Laughter is the essence of humanity

February 6, 2019   ·   0 Comments

“Laughter is the sun that drives winter from the human face.”
Victor Hugo

By Mark Pavilons

I think we could all use a pick-me-up as we endure the gloomy days of winter.
Not a day goes by where I don’t break down and laugh out loud. And that’s a very good thing.
Who would rather cry than laugh from the belly?
A sense of humour is what separates us from lower life forms. But I swear my dogs have pulled some practical jokes on me in the past! By the same token, don’t we laugh at the antics of our pets at least once per day? They’re like kids in a candy store, free to express themselves with no limits, no bounds and no discretion! We can’t figure out just what’s going on in those tiny brains of theirs, but our family members have been brought to teary laughter by both Marley and Lola.
I firmly believe dolphins have a fine-tuned sense of humour because they laugh at us all the time.
Laughter identifies us as a species like nothing else. We may among the select few intelligent creatures in the universe who can engage in knee-slapping, falling over, uncontrollable giggle fits. Mark Twain believed that laughter was a “really effective weapon.”
I believe there’s nothing sweeter and more uplifting than laughter. And modern medicine supports this.
One of the most recent studies on laughter shows that laughing with others releases endorphins in the brain, those feel-good chemicals, via opioid receptors.
Laughter fosters rigorous brain-region connectivity that kicks in when we hear a laugh, as our brains work to decipher what sort of communication is coming through.
A study showed that women laughed about 126% more than their male counterparts, while men seem to instigate laughter the most. Women typically rate a sense of humor as a top-three trait for a potential mate. If you can’t be handsome, be hilarious, I say.
Laughter has an effect similar to antidepressants. Laughing activates the release of the neurotransmitter serotonin, the same brain chemical affected by the most common types of antidepressants, SSRIs. It’s not clear from the research how long this effect sticks around, but the burst of brain activity laughing triggers is undoubtedly potent, at least for short periods of time.
Research has shown that laughter has an anti-inflammatory effect that protects blood vessels and heart muscles from the damaging effects of cardiovascular disease. How this happens isn’t entirely understood, but it seems related to lessening the body’s stress response, which is directly linked to increased inflammation. Regular, hearty laughter should probably be part of every heart disease prevention program.
Parents know full well the healing power of a kid’s cackle. Hearing your children laughing and playing together like they actually love one another is not only one of life’s most cherished sounds, it’s like a salve for the soul. It’s the cheapest, cleanest resource on the planet!
We all have different things that make us laugh.
My wife and son really like slapstick humour and watching people trip and fall gives them the greatest pleasure! This ranks 8th on the list of top 10 things that make us laugh, released recently.
My boy child, like his mother, prefers slapstick humour and quite enjoys painful “fail” videos along the lines of The Three Stooges. Both of my charges got quite a chuckle when I cut into a hard-boiled egg that had just spent some time in the microwave. Trust me, don’t try this at home!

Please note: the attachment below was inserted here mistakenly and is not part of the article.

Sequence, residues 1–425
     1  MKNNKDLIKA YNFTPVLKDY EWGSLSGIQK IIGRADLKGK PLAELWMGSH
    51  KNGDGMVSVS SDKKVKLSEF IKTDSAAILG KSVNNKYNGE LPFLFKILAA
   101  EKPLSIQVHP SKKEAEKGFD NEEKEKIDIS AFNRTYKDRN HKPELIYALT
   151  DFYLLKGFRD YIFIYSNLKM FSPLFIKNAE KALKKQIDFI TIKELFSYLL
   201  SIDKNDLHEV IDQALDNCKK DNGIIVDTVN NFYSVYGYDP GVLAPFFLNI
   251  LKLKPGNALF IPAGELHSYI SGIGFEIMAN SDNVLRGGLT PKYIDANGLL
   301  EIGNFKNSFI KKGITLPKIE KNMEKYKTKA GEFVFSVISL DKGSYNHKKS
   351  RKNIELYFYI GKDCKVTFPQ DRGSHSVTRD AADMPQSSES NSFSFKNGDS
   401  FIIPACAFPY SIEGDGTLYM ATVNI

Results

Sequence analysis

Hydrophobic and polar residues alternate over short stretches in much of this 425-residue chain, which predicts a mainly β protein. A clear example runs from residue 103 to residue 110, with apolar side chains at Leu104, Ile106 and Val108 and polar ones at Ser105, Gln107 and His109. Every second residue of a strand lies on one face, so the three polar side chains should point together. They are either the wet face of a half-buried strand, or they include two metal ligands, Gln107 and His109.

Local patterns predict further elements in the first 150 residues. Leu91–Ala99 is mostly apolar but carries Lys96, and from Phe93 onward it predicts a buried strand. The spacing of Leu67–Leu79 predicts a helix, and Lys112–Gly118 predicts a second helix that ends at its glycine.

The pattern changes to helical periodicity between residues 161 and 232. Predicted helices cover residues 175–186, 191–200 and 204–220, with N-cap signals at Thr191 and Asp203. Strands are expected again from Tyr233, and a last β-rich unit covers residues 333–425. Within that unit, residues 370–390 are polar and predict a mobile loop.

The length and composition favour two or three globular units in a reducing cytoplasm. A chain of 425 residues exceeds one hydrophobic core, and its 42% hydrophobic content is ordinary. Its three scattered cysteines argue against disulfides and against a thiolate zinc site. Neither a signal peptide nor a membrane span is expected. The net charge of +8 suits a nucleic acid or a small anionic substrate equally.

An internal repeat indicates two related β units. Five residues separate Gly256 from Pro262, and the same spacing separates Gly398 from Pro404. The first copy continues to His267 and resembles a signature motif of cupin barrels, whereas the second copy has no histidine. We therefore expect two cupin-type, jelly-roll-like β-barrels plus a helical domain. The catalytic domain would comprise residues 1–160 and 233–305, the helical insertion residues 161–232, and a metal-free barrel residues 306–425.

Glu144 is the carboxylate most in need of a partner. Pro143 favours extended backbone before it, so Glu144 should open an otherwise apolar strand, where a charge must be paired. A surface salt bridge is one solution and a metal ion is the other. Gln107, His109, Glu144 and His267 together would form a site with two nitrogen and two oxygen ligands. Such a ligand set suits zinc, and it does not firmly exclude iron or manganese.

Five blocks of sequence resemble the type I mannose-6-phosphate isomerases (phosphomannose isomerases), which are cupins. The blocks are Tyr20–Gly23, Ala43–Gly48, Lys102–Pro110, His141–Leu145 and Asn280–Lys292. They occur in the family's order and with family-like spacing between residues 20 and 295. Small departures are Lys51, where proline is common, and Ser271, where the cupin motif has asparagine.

My youngest tends to laugh at life’s simple things. Whether it’s a comment on one of her TV shows, funny pictures in a book or on AFV, her funny bone is very close to the surface.
I find it very interesting that even babies laugh and have a sense of humour, indicating it’s inherent not learned behaviour. How can amusement be pre-programmed in our DNA? It must be deemed vital by the Creator, and subsequently boosted by evolution.
In my youth, I honed my rapier-sharp wit and espoused levity.
My Grade 5 principal didn’t share my sense of humour when I was caught playing handball in the girls’ bathroom. I told her it had to with acoustics and wall structure, but that did not win her over. With my parents present, I was “rewarded” by a few whacks on the back of the hand with a ruler. As I continued to snicker, my dad requested that I be whacked a few more times for good measure. Oh, how things have changed!
In high school, I was more apt to provide caustic responses than serious revelations. Being a good student, teachers put up with me, but my barbs seldom got me out of detention.
Being a “class clown” took hard work, convincing a rather tough crowd. Like any standup comedian, my material had to be fresh.
I tried standup once in college and believe me, it’s much harder than it looks. Wearing a chicken costume, I thought I had a good shot, but mid-way through my “routine,” my classmates literally carried me off stage.
I’ve since learned humour is merely finding the light-hearted aspects of life and society. It abounds all around us. Humans are the best source of jocularity in the universe.
Humour is also about tolerance and laughing at our shortcomings.
Humour won’t save our planet, but it does make life a lot more palatable. We simply have to laugh in the face of danger, tragedy and sorrow. We need to poke fun at our plight.
Yes, the world presents us with plenty to frown about. Right next to a healthy diet is an ample helping of laughter to keep us fit and trim.
I welcome the laugh lines that come with old age. Bring them on!
“A day without laughter is a day wasted,” according to the late Charlie Chaplin. How true.



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